Tag - Mail
One of the lesser-appreciated features of email today is how you can swap the application you use to read and write it, without swapping email addresses. You can practically swap in the middle of writing a message, it's that easy, and Airmail 3.0 for OS X wants to persuade you to make the jump. Mind you, so did Airmail 2.1 which we reviewed a year ago, but each new version does push it a little further along from good to compelling.
[Update: now fixed] According to a report from Apple, approximately 0.86 percent of users are currently seeing some problems with Mail and Notes, such as the inability to send or receive email from an iCloud account for the former program, and the inability to sync and in some cases create notes in the latter program. The outage which at press time has lasted for four hours, began shortly after 8AM Eastern time. While affected users can still access the web portal of iCloud if needed, syncing appears to be the biggest issue.
It's not as if there aren't several alternatives to Apple's Mail app and it's not as if a jump from a 1.0 to a 1.1 version is ever significant. Except today. For Airmail 1.1 for iOS doesn't really add more than one tiny feature that's important, but it's important. As of this version, Airmail is now designed for iPad as well as iPhone –– and it is designed very well.
There might be another new version of the Spark email app before you've read to the end of this sentence: the company has done at least one a month since last July. Not all have been hugely significant but most have and if anything tops this month's previous release for good new features, it's this month's second one. For where Spark 1.5.0 was an iPhone app that you could run on an iPad if you didn't mind it being stretched up to the bigger screen, now the new Spark 1.6.0 is a proper universal app –– including an excellent Apple Watch edition.
We may be the only people who like email as a concept, and are fine with Apple Mail as an app. That's nice for us, but even we agree there are things we wish Apple would add, and there are now several alternative apps that provide the features we'd like, and many are struggling without. Spark 1.5.0 for iPhone is one, and like the recently-released and recently-reviewed Airmail, it chiefly focuses on making dealing with new emails very, very fast.
It's like the mostly-fictitious parable that NASA and its contractors spent billions of dollars developing a pen that can work in space where the Russian space agency just bought some pencils -- a moment ago we signed a form, and we did it using an Apple Pencil on an iPad Pro, where in the past it would've been a ballpoint pen that cost five cents. You will never spend the money on all this Apple gear in order to sign forms, but if you have the iPad Pro, and you have the Pencil, you will never sign anything any other way ever again.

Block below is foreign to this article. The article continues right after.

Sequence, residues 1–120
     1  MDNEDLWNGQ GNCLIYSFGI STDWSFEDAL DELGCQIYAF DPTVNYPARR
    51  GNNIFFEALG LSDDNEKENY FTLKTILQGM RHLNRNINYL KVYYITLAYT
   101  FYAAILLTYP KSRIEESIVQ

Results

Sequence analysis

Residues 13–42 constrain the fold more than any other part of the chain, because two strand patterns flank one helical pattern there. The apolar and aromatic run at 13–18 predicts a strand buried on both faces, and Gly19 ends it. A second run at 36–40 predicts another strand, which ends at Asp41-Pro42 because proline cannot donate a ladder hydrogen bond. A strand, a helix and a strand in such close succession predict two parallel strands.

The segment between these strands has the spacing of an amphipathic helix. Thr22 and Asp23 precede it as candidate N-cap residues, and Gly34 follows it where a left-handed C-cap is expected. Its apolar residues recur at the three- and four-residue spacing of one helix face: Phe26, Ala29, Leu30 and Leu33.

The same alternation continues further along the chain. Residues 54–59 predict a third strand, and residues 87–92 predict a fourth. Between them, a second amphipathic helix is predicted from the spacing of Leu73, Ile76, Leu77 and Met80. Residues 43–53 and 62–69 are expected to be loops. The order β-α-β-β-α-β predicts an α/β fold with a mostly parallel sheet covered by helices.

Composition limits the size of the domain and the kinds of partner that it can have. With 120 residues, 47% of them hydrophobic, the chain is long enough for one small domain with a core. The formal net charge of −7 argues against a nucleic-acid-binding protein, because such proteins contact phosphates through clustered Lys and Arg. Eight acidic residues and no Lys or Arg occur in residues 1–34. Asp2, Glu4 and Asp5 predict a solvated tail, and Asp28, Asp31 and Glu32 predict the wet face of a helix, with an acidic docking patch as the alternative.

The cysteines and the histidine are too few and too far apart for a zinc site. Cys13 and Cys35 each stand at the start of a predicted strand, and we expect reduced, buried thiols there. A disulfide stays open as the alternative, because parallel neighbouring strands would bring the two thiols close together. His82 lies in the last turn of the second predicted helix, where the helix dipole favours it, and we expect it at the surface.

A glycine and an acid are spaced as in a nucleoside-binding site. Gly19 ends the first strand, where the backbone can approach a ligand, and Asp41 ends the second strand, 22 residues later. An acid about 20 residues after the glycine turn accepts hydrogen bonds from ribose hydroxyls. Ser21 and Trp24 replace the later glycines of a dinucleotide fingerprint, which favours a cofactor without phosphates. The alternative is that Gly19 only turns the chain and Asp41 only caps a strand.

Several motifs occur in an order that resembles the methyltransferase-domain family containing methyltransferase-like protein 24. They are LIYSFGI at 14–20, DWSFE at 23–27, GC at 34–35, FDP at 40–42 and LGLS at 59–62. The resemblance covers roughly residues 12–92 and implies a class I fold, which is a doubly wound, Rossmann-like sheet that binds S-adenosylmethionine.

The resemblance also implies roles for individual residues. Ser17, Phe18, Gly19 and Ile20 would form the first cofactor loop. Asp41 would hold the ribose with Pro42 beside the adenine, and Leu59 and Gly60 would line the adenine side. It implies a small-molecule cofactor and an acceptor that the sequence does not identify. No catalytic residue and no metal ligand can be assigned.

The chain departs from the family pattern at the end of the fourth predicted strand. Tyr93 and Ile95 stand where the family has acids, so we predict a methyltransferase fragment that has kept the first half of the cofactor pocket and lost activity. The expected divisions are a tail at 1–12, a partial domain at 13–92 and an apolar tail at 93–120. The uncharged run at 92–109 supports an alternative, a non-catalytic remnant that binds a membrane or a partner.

Airmail has been a popular email app on OS X that arguably suffered from not also being on iOS. That absence won't have bothered everybody, but now it doesn't have to trouble anyone, as Airmail 1.0 is out for iPhone.
Microsoft made no secret of how it had bought the companies behind calendar app Sunrise and email app Accompli. Now it's making a big deal of how it will be taking the best features from those and putting them right into its own Outlook. Microsoft Outlook 2.0.0 for iOS is the start of this process and for all the promise of what's coming next, it is just a start. If nobody told you, you might not spot for quite a while that anything is different at all -- unless you used the old Sunrise app.
There's is no doubt that you have at least a little interest in your Mac and OS X, or you wouldn't have read to the end of this sentence. Yet, it's equally sure that you're busy, it's certainly sure that updating will take longer than you think, and for once it is less obviously sure that you should do it. Trust us on this one, though: the upgrade is worth your time.
Email is not dead, email is not dying, email is still brilliant. True, we get a lot of it, and that is a problem. The volume is a problem that services and apps try to fix by being like Apple Mail, but better somehow. Dispatch 3.1.2, though, is like an adjunct to Mail that makes handing your emails faster and more efficient -- under certain circumstances.
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Cirrus creates Lightning-headphone dev kit